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After choosing a Molex connector (C-Grid III 90142 series housing) for my PCB

I ordered the corresponding crimp contacts.

I assumed I would be able to crimp them using my Knippex crimping pliers.


(source: knipex.com)

I've used the knippex plier a lot for standard crimp pins in Dupont housing.

But I'm having some trouble with these C-Grid III series contacts. It seems that Molex has a (very expensive) tool specifically for the C-Grid III Series.

Am I to assume that some contacts can only be crimped by the manufacturers tools ?

I assumed that a universal crimper would be able to crimp anything you throw at it.

Are there standards when it comes to these crimp contacts (so that universal tools can make use of it) ?

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    \$\begingroup\$ Molex purposefully makes only just not standard stuff to brand-tie you. Which makes me very happy companies like Wurth make compatible types with better retention and lower contact resistance (some more of my major issues with molex connectors) \$\endgroup\$
    – Asmyldof
    Mar 9, 2016 at 23:21
  • \$\begingroup\$ You wouldn't be the first if you revert to soldering the wires to the contacts. \$\endgroup\$
    – Transistor
    Mar 12, 2016 at 19:58
  • \$\begingroup\$ I've crimped JST connectors with a pair of side cutters on several occasions, you don't have to have the recommended crimper, it just does a better job, that's all. \$\endgroup\$
    – Sam
    May 15, 2016 at 0:37

1 Answer 1

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There aren't really any truly universal crimp tools but if I need to use a connector of some sort where the cost of a manufacturer crimp tool isn't justified I normally go about it this way:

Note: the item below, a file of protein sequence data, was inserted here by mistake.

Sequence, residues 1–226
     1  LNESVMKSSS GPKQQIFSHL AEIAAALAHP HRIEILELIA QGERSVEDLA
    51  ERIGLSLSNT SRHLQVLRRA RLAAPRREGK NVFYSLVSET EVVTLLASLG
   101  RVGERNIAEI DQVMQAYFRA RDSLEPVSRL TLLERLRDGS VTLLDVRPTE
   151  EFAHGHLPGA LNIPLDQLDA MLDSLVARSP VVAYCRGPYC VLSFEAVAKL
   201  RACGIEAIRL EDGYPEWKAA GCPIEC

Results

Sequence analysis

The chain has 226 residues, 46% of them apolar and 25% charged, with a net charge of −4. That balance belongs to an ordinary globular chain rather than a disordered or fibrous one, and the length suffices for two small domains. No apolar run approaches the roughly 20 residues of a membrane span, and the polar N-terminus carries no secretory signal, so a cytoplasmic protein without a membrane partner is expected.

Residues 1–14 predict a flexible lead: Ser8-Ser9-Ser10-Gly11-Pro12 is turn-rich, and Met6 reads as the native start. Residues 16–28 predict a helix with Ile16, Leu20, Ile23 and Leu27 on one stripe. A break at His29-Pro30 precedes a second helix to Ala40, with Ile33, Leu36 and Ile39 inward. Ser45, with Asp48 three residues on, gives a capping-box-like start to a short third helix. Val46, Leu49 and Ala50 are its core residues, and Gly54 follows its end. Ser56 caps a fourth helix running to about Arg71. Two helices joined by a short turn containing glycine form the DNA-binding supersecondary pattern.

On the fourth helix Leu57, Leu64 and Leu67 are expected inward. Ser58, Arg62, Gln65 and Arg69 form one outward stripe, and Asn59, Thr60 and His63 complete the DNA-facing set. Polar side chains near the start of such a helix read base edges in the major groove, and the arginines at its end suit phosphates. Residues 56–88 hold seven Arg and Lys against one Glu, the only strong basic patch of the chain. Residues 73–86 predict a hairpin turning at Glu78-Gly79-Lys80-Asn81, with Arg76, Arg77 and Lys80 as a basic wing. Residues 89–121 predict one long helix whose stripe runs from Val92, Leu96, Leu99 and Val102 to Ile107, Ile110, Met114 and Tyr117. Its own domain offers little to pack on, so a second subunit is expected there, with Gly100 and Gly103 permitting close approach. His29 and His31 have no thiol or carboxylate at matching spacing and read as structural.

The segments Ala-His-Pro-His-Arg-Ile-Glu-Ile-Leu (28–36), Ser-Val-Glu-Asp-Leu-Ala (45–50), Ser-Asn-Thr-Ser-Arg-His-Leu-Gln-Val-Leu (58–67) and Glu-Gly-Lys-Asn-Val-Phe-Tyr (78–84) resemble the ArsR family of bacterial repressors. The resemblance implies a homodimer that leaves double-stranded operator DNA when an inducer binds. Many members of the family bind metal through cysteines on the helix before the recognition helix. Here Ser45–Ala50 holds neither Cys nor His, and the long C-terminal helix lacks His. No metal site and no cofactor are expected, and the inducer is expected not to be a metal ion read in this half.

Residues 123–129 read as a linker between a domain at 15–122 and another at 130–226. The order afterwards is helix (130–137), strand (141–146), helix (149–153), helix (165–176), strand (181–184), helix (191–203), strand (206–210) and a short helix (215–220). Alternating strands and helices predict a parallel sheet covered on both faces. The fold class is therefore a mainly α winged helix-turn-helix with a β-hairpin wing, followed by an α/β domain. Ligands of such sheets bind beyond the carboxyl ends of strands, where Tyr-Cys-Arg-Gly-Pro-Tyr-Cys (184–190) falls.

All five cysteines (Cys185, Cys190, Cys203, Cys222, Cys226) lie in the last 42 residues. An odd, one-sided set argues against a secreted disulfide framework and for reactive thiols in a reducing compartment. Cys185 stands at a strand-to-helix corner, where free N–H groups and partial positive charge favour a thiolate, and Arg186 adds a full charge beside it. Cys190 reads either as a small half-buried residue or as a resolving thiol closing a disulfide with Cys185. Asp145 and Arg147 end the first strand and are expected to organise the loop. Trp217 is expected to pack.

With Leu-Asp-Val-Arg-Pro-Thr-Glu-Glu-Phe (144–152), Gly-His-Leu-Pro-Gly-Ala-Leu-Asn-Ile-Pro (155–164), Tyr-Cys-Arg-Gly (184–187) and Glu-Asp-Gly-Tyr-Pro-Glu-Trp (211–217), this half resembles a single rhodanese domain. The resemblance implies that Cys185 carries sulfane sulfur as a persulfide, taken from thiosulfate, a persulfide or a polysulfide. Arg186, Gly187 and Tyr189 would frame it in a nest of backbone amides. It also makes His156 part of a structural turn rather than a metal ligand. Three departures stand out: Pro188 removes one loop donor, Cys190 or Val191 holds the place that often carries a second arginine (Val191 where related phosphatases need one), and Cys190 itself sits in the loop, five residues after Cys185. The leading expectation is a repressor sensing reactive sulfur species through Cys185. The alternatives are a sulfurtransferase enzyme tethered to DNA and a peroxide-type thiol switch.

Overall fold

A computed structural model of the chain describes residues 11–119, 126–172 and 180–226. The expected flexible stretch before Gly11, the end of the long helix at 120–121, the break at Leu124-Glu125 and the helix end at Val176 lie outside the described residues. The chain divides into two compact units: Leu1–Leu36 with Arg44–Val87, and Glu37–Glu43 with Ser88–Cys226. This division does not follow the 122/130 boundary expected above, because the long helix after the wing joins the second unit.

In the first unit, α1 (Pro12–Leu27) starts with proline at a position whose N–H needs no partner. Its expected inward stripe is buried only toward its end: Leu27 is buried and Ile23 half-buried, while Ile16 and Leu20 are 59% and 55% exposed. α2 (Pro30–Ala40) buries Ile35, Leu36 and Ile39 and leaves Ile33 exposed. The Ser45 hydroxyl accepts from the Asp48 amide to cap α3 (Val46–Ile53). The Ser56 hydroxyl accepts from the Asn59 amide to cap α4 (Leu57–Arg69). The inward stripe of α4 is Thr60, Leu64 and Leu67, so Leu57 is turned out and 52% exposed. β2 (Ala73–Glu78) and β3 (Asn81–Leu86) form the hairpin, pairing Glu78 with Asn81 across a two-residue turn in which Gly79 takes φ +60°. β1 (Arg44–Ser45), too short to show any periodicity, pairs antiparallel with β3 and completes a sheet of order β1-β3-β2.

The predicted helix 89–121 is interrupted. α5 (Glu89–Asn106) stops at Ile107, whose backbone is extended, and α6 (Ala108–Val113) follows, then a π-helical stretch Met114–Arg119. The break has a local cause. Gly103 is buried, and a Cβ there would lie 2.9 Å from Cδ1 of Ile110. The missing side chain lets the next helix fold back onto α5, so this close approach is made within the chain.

• Make sure you select a wire gauge that properly matches the contacts.

  • Strip the wire and lightly crimp the two center tabs by closing them up one side at a time using a pair of regular pliers, you won't get a good crimp with pliers it just has to be enough to hold the cable in place.

  • Place a small Phillips head screwdriver (or steel rod) around the same diameter as the outer tabs designed to hold the insulated section of the cable down the length of the terminal.

  • Place it into a vise and use the force against the screwdriver / rod to make the crimp. I use a good machine vise but any metal one large enough so you can get enough force should do the job, not a small one for holding PCBs etc.

  • Then for the outer tab for the insulated section I just normally use regular pliers again for a start followed by a lighter touch towards the outside of the vise.

I've found that to work well but often also sometimes add a dash of solder as a bit of extra security as long as it doesn't interfere with the housing.

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